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Home Schooling Rates Soar During Pandemic In Hawaii And Nationally

Home Schooling Rates Soar During Pandemic in Hawaii and Nationally

Article Source: Star Advertiser Photo Credit: Megan Miller The Auldridge family of Upcountry Maui works together to put numbers in order from 1 to 100 using age-appropriate challenges and questions for each child, ages 7, 5 and 4.

Nearly twice as many families in Hawaii decided to home-school their children this academic year as last year, according to new data from public schools and the Census Bureau.

The figures mirror a national trend that appears to reflect coronavirus concerns, more parents working at home, and dissatisfaction with “remote learning.”

“Home schooling is alive and well in Hawaii,” said Lori Beth Auldridge, who home schools her three daughters in Upcountry Maui and helps other families.

“We are doing it because it aligns with our family’s values,” she said. “Other people are doing it because virtual school isn’t working for their children.”

The rate of U.S. households who home school doubled from 5.4% to 11.1% between April and October of last year, according to Census Bureau Household Pulse Surveys tracking the social and economic impact of the COVID-19 pandemic. The survey clarified it was focused on true home­ schooling rather than “virtual learning” from home through a public or private school.

Survey results differed widely across the states. Hawaii’s home­-schooling rate rose from 4.5% to 8.1%, while California’s stayed relatively flat at 8.6% to 8.7% and Massachusetts’ soared from 1.5% to 12.1%.

Part of the reason for the rising numbers may be fears of contracting coronavirus at school campuses, while other families may have balked at the hours of screen time in “distance learning” for their kids and decided they could do a better job themselves.

“Some families are still cautious and concerned about sending their children back to school,” said June Mather, a board member of Christian Homeschoolers of Hawaii, which provides information and online sessions to help families succeed in home­ schooling. “Some people are still working from the home and have been able to make the adjustments.”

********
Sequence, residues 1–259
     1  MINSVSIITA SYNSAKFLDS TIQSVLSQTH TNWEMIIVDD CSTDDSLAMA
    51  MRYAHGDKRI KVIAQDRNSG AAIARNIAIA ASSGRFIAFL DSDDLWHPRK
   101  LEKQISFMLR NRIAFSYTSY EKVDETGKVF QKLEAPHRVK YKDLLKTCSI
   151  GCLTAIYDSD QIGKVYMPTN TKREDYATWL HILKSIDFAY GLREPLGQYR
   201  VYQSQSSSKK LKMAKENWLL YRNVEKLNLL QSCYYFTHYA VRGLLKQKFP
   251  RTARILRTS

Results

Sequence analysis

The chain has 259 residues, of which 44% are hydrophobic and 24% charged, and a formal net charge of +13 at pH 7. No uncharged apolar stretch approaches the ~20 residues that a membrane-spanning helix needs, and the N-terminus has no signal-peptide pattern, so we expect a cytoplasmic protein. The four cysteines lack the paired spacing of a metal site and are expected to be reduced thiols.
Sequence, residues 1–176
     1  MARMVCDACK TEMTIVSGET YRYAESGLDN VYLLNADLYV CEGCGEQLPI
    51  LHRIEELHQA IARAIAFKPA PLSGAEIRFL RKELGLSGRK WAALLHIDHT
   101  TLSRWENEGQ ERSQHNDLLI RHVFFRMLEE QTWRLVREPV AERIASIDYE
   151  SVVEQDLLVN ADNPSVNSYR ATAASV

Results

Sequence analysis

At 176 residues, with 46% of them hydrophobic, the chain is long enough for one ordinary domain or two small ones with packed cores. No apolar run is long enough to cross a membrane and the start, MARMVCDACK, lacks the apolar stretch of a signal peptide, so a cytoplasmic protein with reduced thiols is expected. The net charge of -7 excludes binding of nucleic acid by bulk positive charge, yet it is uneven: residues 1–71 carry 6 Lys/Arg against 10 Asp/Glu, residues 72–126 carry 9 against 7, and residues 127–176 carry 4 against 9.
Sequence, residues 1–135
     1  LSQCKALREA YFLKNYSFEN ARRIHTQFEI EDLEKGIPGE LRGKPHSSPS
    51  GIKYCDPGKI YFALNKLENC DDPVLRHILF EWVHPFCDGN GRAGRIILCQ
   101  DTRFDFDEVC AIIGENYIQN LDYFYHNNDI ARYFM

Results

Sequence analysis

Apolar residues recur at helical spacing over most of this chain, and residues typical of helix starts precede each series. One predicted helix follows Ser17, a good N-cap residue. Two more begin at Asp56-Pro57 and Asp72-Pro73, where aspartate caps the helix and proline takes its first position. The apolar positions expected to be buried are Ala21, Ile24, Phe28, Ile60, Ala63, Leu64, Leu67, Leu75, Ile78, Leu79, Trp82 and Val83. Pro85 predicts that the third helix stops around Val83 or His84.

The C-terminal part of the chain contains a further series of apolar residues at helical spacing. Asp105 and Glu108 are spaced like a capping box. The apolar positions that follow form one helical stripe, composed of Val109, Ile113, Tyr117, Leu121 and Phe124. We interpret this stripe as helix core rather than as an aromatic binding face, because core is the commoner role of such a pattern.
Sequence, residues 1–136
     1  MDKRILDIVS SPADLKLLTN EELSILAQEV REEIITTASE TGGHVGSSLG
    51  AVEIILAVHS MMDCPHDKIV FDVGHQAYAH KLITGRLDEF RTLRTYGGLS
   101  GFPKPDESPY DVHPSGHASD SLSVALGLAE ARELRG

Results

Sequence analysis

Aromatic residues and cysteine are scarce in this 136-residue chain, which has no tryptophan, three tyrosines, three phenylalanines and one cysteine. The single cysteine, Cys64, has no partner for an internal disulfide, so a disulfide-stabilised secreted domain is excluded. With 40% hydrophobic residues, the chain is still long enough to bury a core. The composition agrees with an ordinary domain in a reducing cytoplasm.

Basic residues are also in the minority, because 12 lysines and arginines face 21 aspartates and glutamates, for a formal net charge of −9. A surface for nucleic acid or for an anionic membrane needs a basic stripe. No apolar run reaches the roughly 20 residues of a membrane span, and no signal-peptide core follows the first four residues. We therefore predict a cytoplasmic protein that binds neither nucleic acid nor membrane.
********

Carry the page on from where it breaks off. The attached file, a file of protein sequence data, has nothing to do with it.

Home-school parents direct their children’s education, choose the curriculum and set up their schedules, and they receive no public funds for that education. It usually takes less time than the typical six-hour school day, since parents can tailor the work to each child rather than managing a classroom full of kids.

“It really doesn’t take that long,” said Mather, who home-schooled her four children, all now grown. “The beauty of home education is that you can adjust to what your children’s interests are, what their needs, strengths and likes are.”

And parents can choose what time of day to teach their children, rather than having to simultaneously meet the demands of their jobs and their kids’ education, juggling schedules that collide on their home computers.

“No one has the bandwidth literally or figuratively for that!” Auldridge said.

“There is so much freedom in home schooling and it is possible to work full time and enjoy the flexibility that home schooling offers,” she added. “An average home-school day is between one and four hours, depending on the grade level.”

Altogether, 5,888 forms withdrawing a child for home schooling were filed at Hawaii public schools from July through the end of February, according to the Department of Education. That’s a 94% increase over the 3,033 filed over the entire 2019-20 academic year. The forms do not cover all students being home­-schooled, just new children who opted out of public school during that time frame.